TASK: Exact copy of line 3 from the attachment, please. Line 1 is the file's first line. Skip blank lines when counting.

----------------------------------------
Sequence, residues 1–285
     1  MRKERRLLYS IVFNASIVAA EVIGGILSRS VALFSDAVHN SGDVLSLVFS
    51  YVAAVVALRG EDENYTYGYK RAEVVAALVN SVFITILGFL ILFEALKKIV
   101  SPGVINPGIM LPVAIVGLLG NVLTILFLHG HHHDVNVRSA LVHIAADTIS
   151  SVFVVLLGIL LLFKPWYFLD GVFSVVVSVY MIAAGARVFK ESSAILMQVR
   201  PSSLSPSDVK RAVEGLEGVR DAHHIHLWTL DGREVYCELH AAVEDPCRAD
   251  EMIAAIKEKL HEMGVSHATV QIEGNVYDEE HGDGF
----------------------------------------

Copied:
    51  YVAAVVALRG EDENYTYGYK RAEVVAALVN SVFITILGFL ILFEALKKIV